Aggregation and fibrillation of SODl have been implicated in disease mechanisms of Amyotrophic Lateral Sclerosis (ALS), and it is a major new goal of this Program Project renewal to develop better biological assays to study the toxicity of these multimeric forms of SODl in systems that will be more relevant to the disease in humans. In Project 2 we further develop and use a human cell culture system that closely models important cell biological aspects of motor neuron degeneration?our recently developed human embryonic stem cell-derived motor neuron (HESC-MN) system. The cells have distinct advantages over other model systems as they represent the major cell type that degenerates in ALS and they are fully human. The cells express identifying neuronal markers, exhibit electrophysiological function typical for mature motor neurons, and can be co-cultured with other neuronal and non-neuronal cells. Transfection of these cells to express ALS-SODl proteins causes deleterious effeds on cell survival and morphology. Importantly for this project, we have recently shown that exogenously added ALS-SODl protein multimers are taken up quite well. We will utilize these cells to study the toxicity of SODl protein multimers and aggregates at different stages of their formation and relate it to the progression of motor neuron degeneration. This research plan outlines a highly collaborative, step-by-step approach to evaluate spontaneous and induced mutant and WT SODl aggregate formation in motor neurons, followed by an investigation of the consequences of SODl aggregates on neurodegenerative mechanisms and, finally, by using pharmacological inhibitors of SODl aggregation to investigate whether reduced SODl aggregation can prevent motor neuron death.
Functional HESC-MNs expressing ALS-SODl mutant proteins provide an unparalleled opportunity to explore why various multimeric forms of mutant SODl are toxic to motor neurons. The project will move from the urgently needed improved understanding of intracellular SODl multimerization as a disease pathway of ALS to defining a new disease model system for designing and testing new ALS therapeutics.
|Ayers, Jacob I; McMahon, Benjamin; Gill, Sabrina et al. (2017) Relationship between mutant Cu/Zn superoxide dismutase 1 maturation and inclusion formation in cell models. J Neurochem 140:140-150|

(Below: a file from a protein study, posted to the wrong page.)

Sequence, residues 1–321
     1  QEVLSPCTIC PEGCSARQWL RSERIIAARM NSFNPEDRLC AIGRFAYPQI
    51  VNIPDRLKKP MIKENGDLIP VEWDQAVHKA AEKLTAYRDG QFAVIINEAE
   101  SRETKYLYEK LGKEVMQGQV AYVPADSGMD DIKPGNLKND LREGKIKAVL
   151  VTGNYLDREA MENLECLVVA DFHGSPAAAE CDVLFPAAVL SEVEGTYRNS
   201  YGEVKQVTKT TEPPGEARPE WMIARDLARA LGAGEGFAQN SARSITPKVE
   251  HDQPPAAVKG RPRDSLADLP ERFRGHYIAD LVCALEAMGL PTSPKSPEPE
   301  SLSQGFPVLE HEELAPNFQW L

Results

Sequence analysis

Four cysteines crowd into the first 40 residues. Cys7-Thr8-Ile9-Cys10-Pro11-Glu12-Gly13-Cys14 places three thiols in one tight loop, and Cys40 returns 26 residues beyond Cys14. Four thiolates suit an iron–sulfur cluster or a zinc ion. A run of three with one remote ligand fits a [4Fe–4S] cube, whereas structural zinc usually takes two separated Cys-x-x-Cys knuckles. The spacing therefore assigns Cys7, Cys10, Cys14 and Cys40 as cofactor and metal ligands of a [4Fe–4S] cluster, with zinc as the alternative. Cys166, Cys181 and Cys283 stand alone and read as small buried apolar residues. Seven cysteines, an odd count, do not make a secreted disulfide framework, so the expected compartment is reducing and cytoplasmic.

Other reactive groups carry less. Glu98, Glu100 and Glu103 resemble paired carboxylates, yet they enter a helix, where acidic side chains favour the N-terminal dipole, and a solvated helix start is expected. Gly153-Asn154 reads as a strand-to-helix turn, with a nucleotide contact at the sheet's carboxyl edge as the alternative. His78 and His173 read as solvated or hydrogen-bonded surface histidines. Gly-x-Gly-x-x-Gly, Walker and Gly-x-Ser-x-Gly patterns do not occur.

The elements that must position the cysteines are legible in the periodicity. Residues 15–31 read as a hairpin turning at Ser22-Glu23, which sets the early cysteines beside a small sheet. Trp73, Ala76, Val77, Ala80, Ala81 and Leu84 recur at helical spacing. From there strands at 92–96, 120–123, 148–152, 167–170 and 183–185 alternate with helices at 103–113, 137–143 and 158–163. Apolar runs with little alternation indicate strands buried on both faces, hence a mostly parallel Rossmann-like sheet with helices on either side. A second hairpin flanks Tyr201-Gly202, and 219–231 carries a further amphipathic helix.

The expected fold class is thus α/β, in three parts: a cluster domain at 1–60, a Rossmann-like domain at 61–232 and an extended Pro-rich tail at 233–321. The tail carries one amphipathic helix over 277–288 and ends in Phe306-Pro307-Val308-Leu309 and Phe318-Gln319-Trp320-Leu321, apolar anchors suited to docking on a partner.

|Xu, Guilian; Fromholt, Susan; Ayers, Jacob I et al. (2015) Substantially elevating the levels of ?B-crystallin in spinal motor neurons of mutant SOD1 mice does not significantly delay paralysis or attenuate mutant protein aggregation. J Neurochem 133:452-64|
|Saelices, Lorena; Johnson, Lisa M; Liang, Wilson Y et al. (2015) Uncovering the Mechanism of Aggregation of Human Transthyretin. J Biol Chem 290:28932-43|
|Gelfand, Paul; Smith, Randy J; Stavitski, Eli et al. (2015) Characterization of Protein Structural Changes in Living Cells Using Time-Lapsed FTIR Imaging. Anal Chem 87:6025-31|
|Chattopadhyay, Madhuri; Nwadibia, Ekeoma; Strong, Cynthia D et al. (2015) The Disulfide Bond, but Not Zinc or Dimerization, Controls Initiation and Seeded Growth in Amyotrophic Lateral Sclerosis-linked Cu,Zn Superoxide Dismutase (SOD1) Fibrillation. J Biol Chem 290:30624-36|
|Xu, Guilian; Ayers, Jacob I; Roberts, Brittany L et al. (2015) Direct and indirect mechanisms for wild-type SOD1 to enhance the toxicity of mutant SOD1 in bigenic transgenic mice. Hum Mol Genet 24:1019-35|
|Ayers, Jacob; Lelie, Herman; Workman, Aron et al. (2014) Distinctive features of the D101N and D101G variants of superoxide dismutase 1; two mutations that produce rapidly progressing motor neuron disease. J Neurochem 128:305-14|
|Ivanova, Magdalena I; Sievers, Stuart A; Guenther, Elizabeth L et al. (2014) Aggregation-triggering segments of SOD1 fibril formation support a common pathway for familial and sporadic ALS. Proc Natl Acad Sci U S A 111:197-201|
|Bourassa, Megan W; Brown, Hilda H; Borchelt, David R et al. (2014) Metal-deficient aggregates and diminished copper found in cells expressing SOD1 mutations that cause ALS. Front Aging Neurosci 6:110|
|Brumshtein, Boris; Esswein, Shannon R; Landau, Meytal et al. (2014) Formation of amyloid fibers by monomeric light chain variable domains. J Biol Chem 289:27513-25|
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